I don’t watch TV. One blessing of a conservative Christian up-bringing was the lack of a television. We didn’t get one until I was 21. Now…more than 22 years later…I don’t have the draw or desire I see in others my age that were raised with one.
The other night, I was working on my computer while my wife watched this show--The Bachelor. I have enough familiarity with Americana to know it was out there, and the rough concept. (If you don’t know—it is 15 or so beautiful women vying for the affection of one man, who whittles down the number of women each week until he has narrowed his “choice” of potential partner to one.)
Having never watched the show (or its alter ego The Bachelorette) I found myself watching for about five minutes. It was all I could stand.
Really? This is what counts for entertainment? Apparently it has been on for a number of seasons, so not only did it gain a following, it has enough support to warrant bringing it back again and again.
It consists of pretty women who are looking for fame (let’s be honest) through national exposure. Who must pretend to be enamored with a guy (still being honest) who looks and acts like 100 other guys in their community. Only those other 100 guys aren’t on television. A guy who is “looking for love” but has a television camera on every date, and is provided limos and grand meals, and glorious settings outside the reach of most dating couples.
I couldn’t care less, so I didn’t look it up—but has there been a single couple that worked out as a result of these shows?
As a concession to the numerous action movies my wife sits through with me, on a rare occasion I will watch a romance movie with her. They can all be reduced to one plot theme: “Within the next 120 minutes, the woman will realize the right guy she should be in love with.” (Although infrequently, they kill the guy off, meaning:
1) Negatively: my wife is an emotional wreck for the next hour; and
2) Positively: I never have to watch that movie again! *grin*)
In our entertainment, this is what we have come to like. Kill the bad guy, get the girl and explain the plot within a few hours. Wrap up my fantasy in a nice little box. Dating involves limos and roses and romance. Never flat tires or an ill-advised call from a ex.
This spills over to politics. Vote the right person in, they fix all our problems, we live happily ever after. Go to college—you will get a good job, have a nice income and retire at 65 with an appropriate pension.
We want our lives to be answered and explained in neat little packages.
This is why God-belief is such a fantastic sell. So what if it creates cognitive dissonance, or talks out of both sides of its mouth? So what if it says completely opposite propositions in the same paragraph with a straight face?
It always provides a nice, tidy presentation. Easily embraced; wonderfully respite. It is this reason Craig does so well with Kalaam’s Cosmological argument in debates. Yes, I know he expands out the premise in great length, but the little diddy:
P1: Everything that begins has a cause.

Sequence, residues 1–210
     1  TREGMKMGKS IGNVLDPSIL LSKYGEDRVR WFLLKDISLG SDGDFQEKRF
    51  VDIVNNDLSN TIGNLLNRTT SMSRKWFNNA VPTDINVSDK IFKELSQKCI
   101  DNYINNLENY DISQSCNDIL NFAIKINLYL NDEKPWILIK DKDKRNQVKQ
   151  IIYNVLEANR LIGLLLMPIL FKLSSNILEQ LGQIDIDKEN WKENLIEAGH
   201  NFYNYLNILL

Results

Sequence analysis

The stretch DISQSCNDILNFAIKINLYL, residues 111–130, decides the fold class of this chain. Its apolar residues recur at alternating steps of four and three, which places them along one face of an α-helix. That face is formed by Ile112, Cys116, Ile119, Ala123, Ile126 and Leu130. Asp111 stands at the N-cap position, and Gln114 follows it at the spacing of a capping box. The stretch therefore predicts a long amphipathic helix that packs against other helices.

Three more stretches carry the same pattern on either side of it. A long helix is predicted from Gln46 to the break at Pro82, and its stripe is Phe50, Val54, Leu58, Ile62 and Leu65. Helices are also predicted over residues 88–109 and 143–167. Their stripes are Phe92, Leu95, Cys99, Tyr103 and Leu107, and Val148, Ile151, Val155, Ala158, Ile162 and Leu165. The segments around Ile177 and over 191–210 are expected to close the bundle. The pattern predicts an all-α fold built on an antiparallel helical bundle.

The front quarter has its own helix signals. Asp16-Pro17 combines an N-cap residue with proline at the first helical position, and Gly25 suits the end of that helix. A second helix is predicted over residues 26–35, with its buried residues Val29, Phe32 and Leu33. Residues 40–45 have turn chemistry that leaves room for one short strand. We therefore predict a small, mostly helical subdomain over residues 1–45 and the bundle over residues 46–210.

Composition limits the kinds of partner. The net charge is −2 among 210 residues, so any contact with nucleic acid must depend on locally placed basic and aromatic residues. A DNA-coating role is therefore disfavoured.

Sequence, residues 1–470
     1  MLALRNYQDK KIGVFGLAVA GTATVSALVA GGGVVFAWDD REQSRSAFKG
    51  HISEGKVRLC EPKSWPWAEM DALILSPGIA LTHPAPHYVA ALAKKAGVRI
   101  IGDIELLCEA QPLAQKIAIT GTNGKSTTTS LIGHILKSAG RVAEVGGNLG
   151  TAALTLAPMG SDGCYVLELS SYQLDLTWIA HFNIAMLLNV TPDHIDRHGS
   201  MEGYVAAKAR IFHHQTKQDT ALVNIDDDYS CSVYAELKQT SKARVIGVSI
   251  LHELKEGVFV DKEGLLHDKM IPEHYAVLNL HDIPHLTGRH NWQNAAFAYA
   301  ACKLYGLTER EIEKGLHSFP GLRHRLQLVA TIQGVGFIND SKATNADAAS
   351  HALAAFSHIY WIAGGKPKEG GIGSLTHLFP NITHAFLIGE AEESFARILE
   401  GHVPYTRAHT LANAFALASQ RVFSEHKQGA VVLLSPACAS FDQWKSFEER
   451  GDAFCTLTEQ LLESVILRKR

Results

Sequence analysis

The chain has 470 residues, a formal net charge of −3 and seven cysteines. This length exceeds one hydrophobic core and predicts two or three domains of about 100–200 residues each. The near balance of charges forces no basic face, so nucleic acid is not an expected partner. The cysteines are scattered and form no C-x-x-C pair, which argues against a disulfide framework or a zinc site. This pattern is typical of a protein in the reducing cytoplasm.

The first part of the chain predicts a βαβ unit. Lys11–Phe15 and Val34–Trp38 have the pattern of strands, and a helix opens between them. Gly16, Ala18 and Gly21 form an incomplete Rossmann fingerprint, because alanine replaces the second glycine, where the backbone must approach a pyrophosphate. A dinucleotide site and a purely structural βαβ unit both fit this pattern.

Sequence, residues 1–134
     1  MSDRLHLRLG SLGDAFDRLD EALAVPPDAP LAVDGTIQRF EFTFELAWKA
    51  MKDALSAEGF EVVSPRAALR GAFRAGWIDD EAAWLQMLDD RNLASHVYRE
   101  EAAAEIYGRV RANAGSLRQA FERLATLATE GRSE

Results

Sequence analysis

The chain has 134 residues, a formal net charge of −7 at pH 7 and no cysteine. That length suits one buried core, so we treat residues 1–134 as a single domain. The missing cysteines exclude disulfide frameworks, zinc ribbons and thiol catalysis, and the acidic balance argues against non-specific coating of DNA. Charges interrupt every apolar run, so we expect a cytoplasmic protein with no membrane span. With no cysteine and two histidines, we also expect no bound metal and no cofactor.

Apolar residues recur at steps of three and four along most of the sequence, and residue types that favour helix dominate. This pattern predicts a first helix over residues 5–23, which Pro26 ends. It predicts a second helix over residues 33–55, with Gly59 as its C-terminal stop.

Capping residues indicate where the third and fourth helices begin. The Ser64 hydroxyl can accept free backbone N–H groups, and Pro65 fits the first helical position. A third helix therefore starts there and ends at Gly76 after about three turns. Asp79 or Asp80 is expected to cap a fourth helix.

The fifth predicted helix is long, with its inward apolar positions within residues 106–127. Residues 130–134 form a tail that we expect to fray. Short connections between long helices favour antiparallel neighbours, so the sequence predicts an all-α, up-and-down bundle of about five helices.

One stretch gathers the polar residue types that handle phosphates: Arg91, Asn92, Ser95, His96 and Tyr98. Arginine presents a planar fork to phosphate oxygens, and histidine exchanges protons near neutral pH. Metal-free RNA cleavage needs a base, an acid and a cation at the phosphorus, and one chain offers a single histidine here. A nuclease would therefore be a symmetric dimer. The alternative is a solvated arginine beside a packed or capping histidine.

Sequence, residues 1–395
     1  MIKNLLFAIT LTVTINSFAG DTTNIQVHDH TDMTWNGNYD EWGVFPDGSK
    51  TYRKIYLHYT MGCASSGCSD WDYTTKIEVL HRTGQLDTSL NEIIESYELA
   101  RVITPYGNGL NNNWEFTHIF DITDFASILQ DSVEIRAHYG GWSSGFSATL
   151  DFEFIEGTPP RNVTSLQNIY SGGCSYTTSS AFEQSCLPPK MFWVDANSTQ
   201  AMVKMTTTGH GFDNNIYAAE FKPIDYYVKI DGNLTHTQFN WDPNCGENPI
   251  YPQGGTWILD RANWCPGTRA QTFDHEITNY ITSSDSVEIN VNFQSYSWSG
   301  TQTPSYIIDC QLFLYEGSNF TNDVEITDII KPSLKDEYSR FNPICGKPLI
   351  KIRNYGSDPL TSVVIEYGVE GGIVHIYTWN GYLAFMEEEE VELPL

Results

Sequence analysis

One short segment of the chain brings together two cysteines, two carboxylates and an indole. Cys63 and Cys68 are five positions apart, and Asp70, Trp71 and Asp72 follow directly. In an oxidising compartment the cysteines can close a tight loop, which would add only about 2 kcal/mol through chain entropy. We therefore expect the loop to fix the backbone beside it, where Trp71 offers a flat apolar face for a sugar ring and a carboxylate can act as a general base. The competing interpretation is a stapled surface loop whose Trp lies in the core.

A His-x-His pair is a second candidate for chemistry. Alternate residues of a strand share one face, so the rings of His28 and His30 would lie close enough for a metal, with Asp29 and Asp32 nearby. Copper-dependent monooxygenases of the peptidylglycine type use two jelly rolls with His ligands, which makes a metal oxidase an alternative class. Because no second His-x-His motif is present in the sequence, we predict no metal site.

P2: The universe began.
C: The universe has a cause.
is so simplistic, so tight, so packaged that it is easy to see why people succumb to its lack of sophistication. To explain the issues, the question-begging, the science behind why it is wrong takes time and discussion of difficult concepts.
We live in an America that wants the plot explained by the villain. Our culture wants the answer in easily digestible chews, with words no longer than two syllables. Multi-syllabic explanations are for certain categories on Jeopardy.
We want Prince Charming who (like he does in the movies) says just the right thing, or provides flowers at just the right moment. Absent that reality, why not create one in a God who—so it is claimed—always gives the right answer? Even when that answer is horrible, the person would rather believe in the God who gives horrible answers, than the messy solution of no God at all.
How many movies is the hero placed in what looks to be a terrible dilemma? Tied up with ropes over a shark pool? Of course, within the next 20 minutes she or he manages to escape, capture the villain, stop the missile from blowing up the world, and look absolutely stunning throughout. This same expectation from God is equally reassuring. Sure, things look bleak now, but in our simple explanation is the hope God will…eventually…likewise resolve all the pending problems and we wrap it up nicely.
Things like the Haitian earthquake happen. Because an orderly, trim explanation is the most comfortable, people pray God will do…something…and expect He must have some reason for allowing the event to occur. The hero of our movie has some reason for letting a person get killed; we need only wait for the explanation to come in the next hour or so.
For some, like Pat Robertson, they make up a reason to suit their tiny bundle of a God. Others assume some smart person somewhere has figured out an answer to the Problem of Evil, so why should they bother? Their solution is secure without the necessity of thought.
God makes the best Bachelor. He is always romantic, always makes great dates, always is on time, always dresses nice, is always showered, never farts, and always wraps up the show on a happy note.